Pictet Wealth Management: Thoughts on Janet Yellen at Treasury
Thomas Costerg, Economist US Senior Pictet Wealth Management.
More Biden appointments are trickling in, and news circulated that the next Treasury Secretary will be Janet Yellen, former Chair of the Federal Reserve. The formal announcement should take place today.
Yellen is remembered for her activist and dovish monetary policy: her signature focus was on the underlying fragilities of the US labour market, which in turn justified continued monetary policy accommodation. A strong Keynesian, she has persistently called for more fiscal stimulus -- and even more so recently as Congress is wavering about additional aid in a context of ‘benefit cliff’.
Some may see in this appointment, and especially the game of ‘musical chair’ between the Federal Reserve and the Treasury, as another acceleration to the move to Modern Monetary Theory (which calls for the end of the central bank, rates at zero, and money-printing done by the Treasury not the Fed). This said, the correct answer is ‘not so fast’ since Yellen does not believe in MMT (she’s still a traditional Keynesian), and also she’s demonstrated little appetite to engineer such an institutional ‘big bang’ that MMT envisages, in fact she’s a strong defender of central bank independence.
Still, it is true to say that it’s further step in the direction of close cooperation between the Treasury and the Fed, although this close coordination already exists and was further cemented during the Covid19 shock.
The Fed-Treasury relationship has soured very lately as Secretary Mnuchin ‘pulled the carpet’ (the credit guarantees) under the Fed’s credit easing facilities, but to Mnuchin’s defense, these facilities had been under-used and they can be reallocated swiftly to help extend the federal unemployment benefits (it is easier to reallocate funds that to vote for new funds). We are not particularly alarmed about this micro-event, in short.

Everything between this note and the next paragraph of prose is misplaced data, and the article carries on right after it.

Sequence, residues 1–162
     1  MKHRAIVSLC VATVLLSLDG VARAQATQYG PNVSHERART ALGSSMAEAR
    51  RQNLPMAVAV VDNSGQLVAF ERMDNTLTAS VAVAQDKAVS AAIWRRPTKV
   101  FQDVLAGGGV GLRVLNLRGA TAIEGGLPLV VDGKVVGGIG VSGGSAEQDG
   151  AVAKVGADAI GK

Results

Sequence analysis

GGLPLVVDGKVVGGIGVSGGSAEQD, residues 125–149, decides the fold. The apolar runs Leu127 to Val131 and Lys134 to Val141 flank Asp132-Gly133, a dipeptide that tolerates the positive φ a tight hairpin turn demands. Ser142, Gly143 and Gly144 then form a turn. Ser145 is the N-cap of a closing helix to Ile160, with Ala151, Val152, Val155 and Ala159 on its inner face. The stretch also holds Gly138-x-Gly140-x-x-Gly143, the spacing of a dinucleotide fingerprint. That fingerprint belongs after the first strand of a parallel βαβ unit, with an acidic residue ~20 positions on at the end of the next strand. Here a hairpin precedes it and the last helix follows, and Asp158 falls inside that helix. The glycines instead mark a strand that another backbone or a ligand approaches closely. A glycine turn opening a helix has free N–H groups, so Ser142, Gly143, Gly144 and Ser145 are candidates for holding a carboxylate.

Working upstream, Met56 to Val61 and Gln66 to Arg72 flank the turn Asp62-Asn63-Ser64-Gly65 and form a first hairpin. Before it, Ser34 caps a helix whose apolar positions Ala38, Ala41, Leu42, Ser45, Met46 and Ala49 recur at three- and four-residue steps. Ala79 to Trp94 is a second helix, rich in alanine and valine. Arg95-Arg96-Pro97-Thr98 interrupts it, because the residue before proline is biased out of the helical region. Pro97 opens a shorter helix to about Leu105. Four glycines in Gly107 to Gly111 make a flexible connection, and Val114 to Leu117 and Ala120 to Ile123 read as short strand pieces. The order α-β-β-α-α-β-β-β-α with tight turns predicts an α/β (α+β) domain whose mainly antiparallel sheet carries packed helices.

From a policy perspective, we continue to expect: from the Federal Reserve, Operation Twist in December (maturity extension of of existing Treasury portfolio) and more monthly asset purchases in the first quarter (i.e. likely increased to 160bn per month from 120bn currently) – despite potential encouraging news on the vaccine side. It’s our fundamental view that the Fed is now as much as managing the business cycle as it is managing the economy’s high debt burden – in particular the federal debt. In our view, we are in ‘soft MMT’ mode, with implicit and indirect but nevertheless important partial monetization of the budget deficit. The Fed is implicitly capping long-term yields.
At the Treasury level, Yellen’s first key job will be to negotiate with Senate Republicans to get a stimulus package out of the door, but we continue to believe Yellen might struggle to extract more than 500 to 750 billion. In other words, we might not get the Democrats’ 2 trillion package. Good news is that $500bn may be enough from a macro perspective to avoid a sharp hit to consumption in Q1 2021 (and a negative Q1 GDP print). We expect 500bn of stimulus to represent a potential support to quarterly GDP to the tune of 5%.
Looking further ahead, the question is whether the Treasury and the Fed will get even more creative in the next recession, going into riskier assets such as buying equities. We cannot entirely rule out such creativity given all the new developments and what happened during the Covid19 shock. At the margin, a Yellen appointment makes equity-buying in a severely stressed environment a tad more likely.
Regarding Jerome Powell, we think that he could be reappointed as Fed Chair before his term expires in January 2022, especially as such nomination could be part of a bargain with Senate Republicans. Powell has not only embraced the historic dovishness of the Fed inherited from Ben Bernanke, but he has even pushed it further with the new “average inflation targeting” strategy unveiled in August (which to us is the tree that hides the forest of a broader ‘soft MMT’ mode).
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